“You don’t cut a flower half through then wait and watch as it slowly shrivels to death. And you don’t stop a story before you reach the end.”

There are many stories about the woods. About the mysteries surrounding its trees and its magical inhabitants. There are stories about a dragon. And about all the girls who have been called by the woods and how all except one, disappeared without a trace.

The woods are alive and sometimes they cross the border into its neighboring Kingdom, often retreating after a while. But not this summer. For months the villagers have been talking about the woods, about how the trees have been moving in on the Kingdom, how the crops have been disappearing slowly but surely. But the trees do not go away this year. And panic, fear and mistrust are spreading like wildfire. The King must do something about it.

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Marni is a flower girl who lives in the outskirts of the Kingdom with no one but her beloved Gramps for company. Their humble house sits by the woods and she can hear its tempting call. When she was small, she would venture into the woods often—but never going too far or for too long. The temptation is getting worse now, but Marni doesn’t really dream about disappearing into the woods.

Instead, she dreams about her dead mother. And about righting wrongs and about revenge. If she didn’t have her Gramps to worry about, she would go after the king and kill him. Her past is filled tragedy and sadness; her future is unknown.

Because Marni is the daughter of the dragon. But she is also the niece of the King and his only heir. She thinks about all of the “what ifs” and she wonders about her dual heritage and her rightful place in the world.

Rebecca Hahn's A Creature of Moonlight is an impressive debut novel. What’s most impressive about it, beyond the confidence of the writing—which is lovely and poetic, meandering and descriptive without ever getting lost or descending into ridiculous purple prose—is Marni’s voice and her narrative arc. Her voice comes through with her strong sense of purpose that shines through her quietness. It’s also an idiomatic narration stemming from her down-to-earth lifestyle.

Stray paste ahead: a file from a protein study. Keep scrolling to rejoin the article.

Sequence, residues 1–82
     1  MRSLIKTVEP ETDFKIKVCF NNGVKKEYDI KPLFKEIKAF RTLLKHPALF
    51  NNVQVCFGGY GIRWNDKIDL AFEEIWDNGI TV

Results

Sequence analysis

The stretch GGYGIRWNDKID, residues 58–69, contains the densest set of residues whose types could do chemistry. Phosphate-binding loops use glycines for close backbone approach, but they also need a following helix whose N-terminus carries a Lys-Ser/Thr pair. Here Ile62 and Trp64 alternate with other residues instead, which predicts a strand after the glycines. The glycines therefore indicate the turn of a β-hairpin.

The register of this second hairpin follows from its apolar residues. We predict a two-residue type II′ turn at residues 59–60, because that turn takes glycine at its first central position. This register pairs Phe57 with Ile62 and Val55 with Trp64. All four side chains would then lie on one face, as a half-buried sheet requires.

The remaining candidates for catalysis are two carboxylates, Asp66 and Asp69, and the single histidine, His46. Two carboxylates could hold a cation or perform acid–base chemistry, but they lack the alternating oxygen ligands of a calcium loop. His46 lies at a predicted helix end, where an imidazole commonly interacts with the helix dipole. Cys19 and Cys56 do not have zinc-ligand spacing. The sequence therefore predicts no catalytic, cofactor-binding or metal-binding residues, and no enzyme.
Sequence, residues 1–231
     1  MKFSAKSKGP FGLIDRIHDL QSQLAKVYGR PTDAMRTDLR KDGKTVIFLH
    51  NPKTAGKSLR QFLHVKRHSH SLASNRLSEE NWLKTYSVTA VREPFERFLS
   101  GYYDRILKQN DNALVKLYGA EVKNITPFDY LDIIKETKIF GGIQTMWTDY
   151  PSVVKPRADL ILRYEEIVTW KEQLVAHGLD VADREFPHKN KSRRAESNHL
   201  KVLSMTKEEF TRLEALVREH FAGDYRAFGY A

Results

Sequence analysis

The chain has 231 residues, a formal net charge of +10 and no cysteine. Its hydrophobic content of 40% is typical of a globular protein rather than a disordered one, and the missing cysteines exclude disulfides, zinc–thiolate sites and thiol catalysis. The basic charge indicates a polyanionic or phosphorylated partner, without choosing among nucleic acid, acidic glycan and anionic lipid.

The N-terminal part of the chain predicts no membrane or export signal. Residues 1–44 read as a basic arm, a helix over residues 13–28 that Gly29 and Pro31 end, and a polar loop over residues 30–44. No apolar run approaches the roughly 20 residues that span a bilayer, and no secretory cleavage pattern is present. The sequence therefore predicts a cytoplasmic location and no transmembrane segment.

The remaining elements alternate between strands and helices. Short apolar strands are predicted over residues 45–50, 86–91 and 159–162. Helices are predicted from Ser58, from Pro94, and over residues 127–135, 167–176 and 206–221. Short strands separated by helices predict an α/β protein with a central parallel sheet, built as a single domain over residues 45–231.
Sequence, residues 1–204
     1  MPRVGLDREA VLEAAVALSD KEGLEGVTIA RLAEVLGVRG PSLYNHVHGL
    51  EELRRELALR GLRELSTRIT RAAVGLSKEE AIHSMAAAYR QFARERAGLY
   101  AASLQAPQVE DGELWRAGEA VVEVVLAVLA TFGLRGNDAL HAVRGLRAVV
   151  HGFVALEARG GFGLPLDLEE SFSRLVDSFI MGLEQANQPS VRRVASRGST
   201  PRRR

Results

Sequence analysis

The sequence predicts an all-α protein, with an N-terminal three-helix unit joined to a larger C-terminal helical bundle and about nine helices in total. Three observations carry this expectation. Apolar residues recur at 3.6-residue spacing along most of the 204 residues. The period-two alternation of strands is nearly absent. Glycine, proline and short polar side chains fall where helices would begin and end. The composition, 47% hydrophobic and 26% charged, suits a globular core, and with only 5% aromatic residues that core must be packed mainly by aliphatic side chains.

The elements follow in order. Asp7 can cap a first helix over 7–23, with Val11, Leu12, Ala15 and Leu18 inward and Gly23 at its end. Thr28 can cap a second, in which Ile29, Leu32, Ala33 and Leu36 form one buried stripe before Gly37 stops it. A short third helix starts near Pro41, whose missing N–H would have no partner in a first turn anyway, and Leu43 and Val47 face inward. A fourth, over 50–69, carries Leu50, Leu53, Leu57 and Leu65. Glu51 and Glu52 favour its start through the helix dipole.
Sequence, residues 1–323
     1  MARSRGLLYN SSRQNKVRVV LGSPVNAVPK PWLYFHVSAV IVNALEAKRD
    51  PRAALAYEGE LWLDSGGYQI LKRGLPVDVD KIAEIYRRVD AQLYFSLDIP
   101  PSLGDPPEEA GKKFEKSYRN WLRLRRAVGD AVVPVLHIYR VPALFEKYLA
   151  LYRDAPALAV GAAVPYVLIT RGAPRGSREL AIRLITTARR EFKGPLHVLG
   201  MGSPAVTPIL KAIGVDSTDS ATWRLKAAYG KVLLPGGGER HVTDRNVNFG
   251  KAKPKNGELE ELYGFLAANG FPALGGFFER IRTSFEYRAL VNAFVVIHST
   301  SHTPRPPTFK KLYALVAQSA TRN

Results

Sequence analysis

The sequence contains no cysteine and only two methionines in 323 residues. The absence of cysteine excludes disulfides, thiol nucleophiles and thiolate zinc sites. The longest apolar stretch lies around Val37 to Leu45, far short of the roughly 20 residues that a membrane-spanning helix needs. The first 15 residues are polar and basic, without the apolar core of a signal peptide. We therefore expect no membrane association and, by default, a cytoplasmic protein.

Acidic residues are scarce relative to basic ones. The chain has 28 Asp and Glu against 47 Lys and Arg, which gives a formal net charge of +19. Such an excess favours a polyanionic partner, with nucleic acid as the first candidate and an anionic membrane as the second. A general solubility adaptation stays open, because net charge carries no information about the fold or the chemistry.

As for the narrative, the story is the coming-of-age of a girl who understands the difficult position she is in and who is always and forever torn between two worlds. The narrative takes her through both worlds to which she rightfully has claims. Months are spent in court learning its ups and downs—from politics and diplomacy and becoming friends with an aunt she didn’t know she had to fending off marriage proposals and attacks on her life. And months are spent in the woods getting to know a life that speaks to her core—f magic, flight and freedom never experienced before. It’s a book about choices and identity that beautifully portrays incapacitating grief and fear as well as loyalty, friendship and love.  

Finally, it would be impossible for me to write about A Creature of Moonlight and not consider the implications of the worldbuilding in terms of gender. It is, after all, only girls who disappear into the woods. Who feel their lives are such that they have no other choice than to escape into another world. Although I feel there could have been more consideration about how structural societal problems could affect that “choosing” because we know that “making a choice” is not as easy or straightforward as making one’s mind up if the deck is stacked against you. That said, I do appreciate the lengths the narrative takes to show different girls, different backgrounds, different choices and motivations. And one of my favorite things about the book is the lovely relationship that develops between Marni and the Queen. In the hands of a less sympathetic writer, the Queen could have been a stereotypical villainess; here, she is a loving, supportive person. I enjoyed and appreciated their relationship very much—especially the surprising turn it takes in the end.  

I loved this book. The biggest compliment I can pay it is to say it reminded me a lot of the lovely writing by Franny Billingsley.

In Book Smugglerish: a satisfied 8 out of 10.

Thea James and Ana Grilo are The Book Smugglers, a website for speculative fiction and YA. You can also find them on Twitter.